Why should we pray to God when he knows what we need and if he answers in his time and in his way? Also, if God is an all-knowing God he would definitely know that Job would not lose his faith in him. Then why did he allow Job to be tested?


We should pray to God for a few reasons.  First of all, because he is God and he has asked us to pray.  That is reason enough.

Second, because God wants a relationship with us.  A relationship involves communication.  God speaks to us through his Scripture, through the life and ministry of Jesus and also through the work of the Holy Spirit on our lives, who “guides us into all truth”  and who “convicts us with regard to sin.” (John 14:25-27 and John 16:7-11).  But any relationship, by definition, is two-way.  Prayer may not be the only way we can speak to God, but it certainly is the main one.  In prayer, we talk to God, and he hears us.

Now, you are right that when we share our thoughts, aspirations and requests with God, we are not telling him anything he does not already know, but God is like a father (or mother). He wants us to express our desires, fears and thoughts with him because he loves us and he wants us to express our love for him in prayer.

Pray is principally of benefit to ourselves.  We need to pray as much or more than God needs us to pray–especially because, as you seem to notice, we are not giving new information to God when we pray.  It is when we pray that we express our love for him and confirm to ourselves as well that we love him.

As for your second question, if I understand God’s foreknowledge correctly, you are right that God knew what Job would do before he allowed Job to be tempted by his suffering.  For us, having foreknowledge would “spoil” everything. Right!  It is like a movie for which if we knew the ending, it would spoil the movie.  We view time in a linear fashion.  There are the past, the present and the future.  God does not view reality this way.  He exists outside of time.  For God, foreknowledge is natural.  Nevertheless, this does not mean that he does not want a relationship with us, and that relationship includes prayer.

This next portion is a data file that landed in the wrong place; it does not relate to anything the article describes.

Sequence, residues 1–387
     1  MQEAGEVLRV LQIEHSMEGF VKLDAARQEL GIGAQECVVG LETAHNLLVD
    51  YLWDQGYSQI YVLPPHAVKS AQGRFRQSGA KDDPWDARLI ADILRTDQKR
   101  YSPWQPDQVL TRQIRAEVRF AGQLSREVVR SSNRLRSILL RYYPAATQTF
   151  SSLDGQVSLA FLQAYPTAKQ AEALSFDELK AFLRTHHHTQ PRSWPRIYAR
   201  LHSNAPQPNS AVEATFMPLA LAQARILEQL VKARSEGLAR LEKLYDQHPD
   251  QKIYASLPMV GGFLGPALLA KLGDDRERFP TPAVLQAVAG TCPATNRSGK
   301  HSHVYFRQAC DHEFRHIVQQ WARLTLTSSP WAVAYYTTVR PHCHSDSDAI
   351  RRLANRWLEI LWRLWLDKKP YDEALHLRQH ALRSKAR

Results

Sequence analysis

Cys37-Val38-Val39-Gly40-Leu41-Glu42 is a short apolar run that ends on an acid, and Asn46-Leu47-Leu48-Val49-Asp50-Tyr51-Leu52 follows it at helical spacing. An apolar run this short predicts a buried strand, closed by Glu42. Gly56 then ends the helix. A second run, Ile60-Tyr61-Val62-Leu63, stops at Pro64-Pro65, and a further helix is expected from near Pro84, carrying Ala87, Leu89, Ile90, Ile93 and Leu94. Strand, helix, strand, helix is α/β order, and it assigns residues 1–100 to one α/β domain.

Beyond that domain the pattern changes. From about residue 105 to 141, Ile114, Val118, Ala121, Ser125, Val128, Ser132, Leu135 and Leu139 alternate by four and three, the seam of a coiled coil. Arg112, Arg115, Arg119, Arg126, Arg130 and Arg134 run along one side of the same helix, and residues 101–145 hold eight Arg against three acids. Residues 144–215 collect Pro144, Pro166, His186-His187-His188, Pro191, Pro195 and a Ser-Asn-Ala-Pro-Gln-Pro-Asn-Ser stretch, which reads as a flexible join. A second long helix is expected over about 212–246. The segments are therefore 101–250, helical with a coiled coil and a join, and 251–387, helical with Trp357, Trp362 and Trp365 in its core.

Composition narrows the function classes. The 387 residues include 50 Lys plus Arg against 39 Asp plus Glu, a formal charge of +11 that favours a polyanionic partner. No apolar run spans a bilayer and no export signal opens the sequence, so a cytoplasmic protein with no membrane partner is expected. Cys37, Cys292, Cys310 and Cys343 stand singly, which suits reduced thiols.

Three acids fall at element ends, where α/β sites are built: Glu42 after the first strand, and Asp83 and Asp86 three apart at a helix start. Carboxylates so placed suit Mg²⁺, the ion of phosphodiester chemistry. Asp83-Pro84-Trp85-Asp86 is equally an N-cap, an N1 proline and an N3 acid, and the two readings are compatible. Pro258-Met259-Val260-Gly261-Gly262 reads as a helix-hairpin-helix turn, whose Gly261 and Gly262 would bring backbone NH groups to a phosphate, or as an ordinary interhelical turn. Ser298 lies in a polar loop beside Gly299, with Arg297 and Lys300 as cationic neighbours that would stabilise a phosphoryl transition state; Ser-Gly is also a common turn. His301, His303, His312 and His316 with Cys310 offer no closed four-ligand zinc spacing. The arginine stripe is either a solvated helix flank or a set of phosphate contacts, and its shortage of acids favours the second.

God did not learn anything he did not already know when he allowed Satan to tempt him, but Job definitely learned something, as did his friends, and as do we!  There is great benefit derived from the testing of Job. His is the ultimate example for us of what it means to put our faith and trust in God, no matter the circumstances.  Job had a great, powerful and effective life because of what he suffered. We can see that Job learned much from the encounter with God in Job 42:1-6.  God uses Job as inspiration for us as well.  Also, Job glorified God through his faith in Him. There are many reasons that I can think of that God allowed Job to be tested, but none of them benefit God.  They benefit us.  Well, actually, I take that back, because, like I said, Job gave glory to God and that is something that pleases God.

John Oakes

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